However, in both houses, a “no” vote didn’t automatically signal opposition to automatic pay raises.  At least 3 senators and 3 assembly members already had signed on to separate legislation that would have created a similar commission with the power to enact raises without legislative action.

About the Author

Ken Girardin

Ken Girardin is the Empire Center’s Director of Strategic Initiatives.

Read more by Ken Girardin

You may also like

Cuomo Administration Ducks Important Questions on Nursing Homes

A new report from the state Health Department tries to deflect blame for thousands of coronavirus deaths in the state's nursing homes—but undermines its own case by withholding data and engaging in tendentious analysis. Read More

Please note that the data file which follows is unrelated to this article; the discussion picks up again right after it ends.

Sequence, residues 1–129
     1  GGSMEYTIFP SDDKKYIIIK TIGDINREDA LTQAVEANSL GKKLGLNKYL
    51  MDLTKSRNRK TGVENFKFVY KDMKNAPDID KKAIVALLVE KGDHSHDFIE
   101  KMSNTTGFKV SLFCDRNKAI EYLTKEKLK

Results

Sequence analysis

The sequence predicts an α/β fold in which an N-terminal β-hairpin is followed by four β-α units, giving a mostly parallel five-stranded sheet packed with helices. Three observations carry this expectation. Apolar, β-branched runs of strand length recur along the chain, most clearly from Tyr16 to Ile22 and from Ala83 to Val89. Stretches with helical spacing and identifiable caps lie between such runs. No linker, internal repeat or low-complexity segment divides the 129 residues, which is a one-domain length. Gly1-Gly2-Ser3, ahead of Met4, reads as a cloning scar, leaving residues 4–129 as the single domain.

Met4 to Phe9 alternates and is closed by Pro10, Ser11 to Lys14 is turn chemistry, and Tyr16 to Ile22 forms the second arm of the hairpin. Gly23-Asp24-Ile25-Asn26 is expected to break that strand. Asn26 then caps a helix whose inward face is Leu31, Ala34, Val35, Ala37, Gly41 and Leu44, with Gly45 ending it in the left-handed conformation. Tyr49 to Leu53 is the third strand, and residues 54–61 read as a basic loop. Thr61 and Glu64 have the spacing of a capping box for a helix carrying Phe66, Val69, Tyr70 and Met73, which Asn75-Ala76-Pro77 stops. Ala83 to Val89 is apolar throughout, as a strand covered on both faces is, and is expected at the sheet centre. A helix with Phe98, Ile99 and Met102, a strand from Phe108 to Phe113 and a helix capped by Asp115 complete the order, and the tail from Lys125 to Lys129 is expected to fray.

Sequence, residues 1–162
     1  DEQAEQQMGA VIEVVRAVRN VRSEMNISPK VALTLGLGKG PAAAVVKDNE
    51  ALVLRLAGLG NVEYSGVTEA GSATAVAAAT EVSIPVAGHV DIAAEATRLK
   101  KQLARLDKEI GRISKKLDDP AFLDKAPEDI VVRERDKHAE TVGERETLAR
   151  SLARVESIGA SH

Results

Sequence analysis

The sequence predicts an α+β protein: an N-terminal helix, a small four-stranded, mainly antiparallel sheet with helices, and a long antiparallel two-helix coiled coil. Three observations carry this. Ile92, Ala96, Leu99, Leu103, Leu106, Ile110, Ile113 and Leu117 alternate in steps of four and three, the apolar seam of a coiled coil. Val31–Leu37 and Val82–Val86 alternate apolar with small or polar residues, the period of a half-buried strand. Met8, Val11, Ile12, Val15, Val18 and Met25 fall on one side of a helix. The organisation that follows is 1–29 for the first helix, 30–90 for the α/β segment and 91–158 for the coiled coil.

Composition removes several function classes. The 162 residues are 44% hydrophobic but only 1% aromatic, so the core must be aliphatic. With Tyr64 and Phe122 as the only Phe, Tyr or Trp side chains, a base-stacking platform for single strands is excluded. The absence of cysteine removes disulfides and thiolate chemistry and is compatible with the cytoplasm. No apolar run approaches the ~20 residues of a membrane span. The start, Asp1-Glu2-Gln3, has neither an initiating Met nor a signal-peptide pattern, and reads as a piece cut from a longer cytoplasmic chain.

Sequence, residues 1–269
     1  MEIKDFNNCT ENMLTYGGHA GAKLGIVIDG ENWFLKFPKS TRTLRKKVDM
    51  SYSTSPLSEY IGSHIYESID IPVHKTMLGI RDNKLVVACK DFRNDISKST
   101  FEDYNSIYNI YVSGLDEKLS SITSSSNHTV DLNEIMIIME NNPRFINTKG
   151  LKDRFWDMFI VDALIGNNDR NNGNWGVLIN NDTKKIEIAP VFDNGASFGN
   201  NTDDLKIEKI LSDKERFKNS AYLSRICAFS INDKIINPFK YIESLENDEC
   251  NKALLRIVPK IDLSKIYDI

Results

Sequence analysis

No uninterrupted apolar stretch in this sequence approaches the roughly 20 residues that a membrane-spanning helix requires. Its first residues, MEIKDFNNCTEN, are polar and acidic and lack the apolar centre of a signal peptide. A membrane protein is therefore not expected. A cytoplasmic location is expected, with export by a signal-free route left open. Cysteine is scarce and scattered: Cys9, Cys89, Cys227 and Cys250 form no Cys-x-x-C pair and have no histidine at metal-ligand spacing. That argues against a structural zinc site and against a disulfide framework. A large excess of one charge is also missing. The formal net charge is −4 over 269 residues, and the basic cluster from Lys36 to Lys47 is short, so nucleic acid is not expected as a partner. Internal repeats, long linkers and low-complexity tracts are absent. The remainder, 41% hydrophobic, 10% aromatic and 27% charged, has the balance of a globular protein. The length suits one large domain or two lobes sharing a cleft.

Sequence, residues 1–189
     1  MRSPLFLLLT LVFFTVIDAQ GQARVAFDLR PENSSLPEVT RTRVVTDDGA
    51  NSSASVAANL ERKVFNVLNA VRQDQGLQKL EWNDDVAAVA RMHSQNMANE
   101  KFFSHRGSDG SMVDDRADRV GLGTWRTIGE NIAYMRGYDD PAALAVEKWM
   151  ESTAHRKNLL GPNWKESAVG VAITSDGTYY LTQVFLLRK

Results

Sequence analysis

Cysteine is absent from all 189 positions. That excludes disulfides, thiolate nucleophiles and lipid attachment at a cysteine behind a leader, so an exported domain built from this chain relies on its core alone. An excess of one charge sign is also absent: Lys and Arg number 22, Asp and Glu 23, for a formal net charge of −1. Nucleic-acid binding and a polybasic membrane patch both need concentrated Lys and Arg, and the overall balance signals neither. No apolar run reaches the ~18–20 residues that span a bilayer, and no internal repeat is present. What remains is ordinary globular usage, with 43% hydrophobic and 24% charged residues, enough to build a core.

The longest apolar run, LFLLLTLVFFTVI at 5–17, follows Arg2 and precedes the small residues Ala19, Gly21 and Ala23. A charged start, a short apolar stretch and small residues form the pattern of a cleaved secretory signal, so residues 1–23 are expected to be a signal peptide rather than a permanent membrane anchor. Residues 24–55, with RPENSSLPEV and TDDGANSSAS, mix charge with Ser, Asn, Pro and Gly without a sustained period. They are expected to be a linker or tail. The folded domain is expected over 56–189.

Nursing Home Vacancy Rate Soars, Hinting at a Higher Coronavirus Toll

The vacancy rate in New York's nursing homes has more than doubled since the start of the coronavirus pandemic, suggesting that the death toll among residents may be thousands higher than officially reported. Read More

Hospitalization rising in some areas

Coronavirus hospitalizations are surging in parts of upstate, including three regions that the Cuomo administration authorized to begin reopening today. Read More

Essential Plan surplus hits $3B

As Governor Cuomo pleads for financial help from Washington, one of his state's programs is sitting on $3 billion in unspent federal aid: the Essential Plan. Read More

More fiscal turmoil for Medicaid

In a sign of pandemic-related strain on state finances, the Cuomo administration is postponing a series of multi-billion-dollar Medicaid payments over the next three months. Read More

Upstate escapes the worst